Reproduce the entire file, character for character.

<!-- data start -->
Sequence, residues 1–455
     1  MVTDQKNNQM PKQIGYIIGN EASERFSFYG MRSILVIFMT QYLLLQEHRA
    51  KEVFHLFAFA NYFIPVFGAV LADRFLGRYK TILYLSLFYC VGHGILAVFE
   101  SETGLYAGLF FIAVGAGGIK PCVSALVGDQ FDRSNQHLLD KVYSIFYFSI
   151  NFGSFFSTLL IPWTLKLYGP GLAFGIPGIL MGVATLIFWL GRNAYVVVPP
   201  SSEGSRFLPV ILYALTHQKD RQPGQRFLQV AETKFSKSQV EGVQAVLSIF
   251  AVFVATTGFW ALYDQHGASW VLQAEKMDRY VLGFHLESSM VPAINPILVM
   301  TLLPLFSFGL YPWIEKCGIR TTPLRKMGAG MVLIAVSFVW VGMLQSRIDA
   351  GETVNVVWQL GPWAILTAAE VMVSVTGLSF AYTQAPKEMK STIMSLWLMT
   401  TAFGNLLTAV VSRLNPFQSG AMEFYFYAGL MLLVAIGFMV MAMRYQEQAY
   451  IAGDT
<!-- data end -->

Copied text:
Sequence, residues 1–455
     1  MVTDQKNNQM PKQIGYIIGN EASERFSFYG MRSILVIFMT QYLLLQEHRA
    51  KEVFHLFAFA NYFIPVFGAV LADRFLGRYK TILYLSLFYC VGHGILAVFE
   101  SETGLYAGLF FIAVGAGGIK PCVSALVGDQ FDRSNQHLLD KVYSIFYFSI
   151  NFGSFFSTLL IPWTLKLYGP GLAFGIPGIL MGVATLIFWL GRNAYVVVPP
   201  SSEGSRFLPV ILYALTHQKD RQPGQRFLQV AETKFSKSQV EGVQAVLSIF
   251  AVFVATTGFW ALYDQHGASW VLQAEKMDRY VLGFHLESSM VPAINPILVM
   301  TLLPLFSFGL YPWIEKCGIR TTPLRKMGAG MVLIAVSFVW VGMLQSRIDA
   351  GETVNVVWQL GPWAILTAAE VMVSVTGLSF AYTQAPKEMK STIMSLWLMT
   401  TAFGNLLTAV VSRLNPFQSG AMEFYFYAGL MLLVAIGFMV MAMRYQEQAY
   451  IAGDT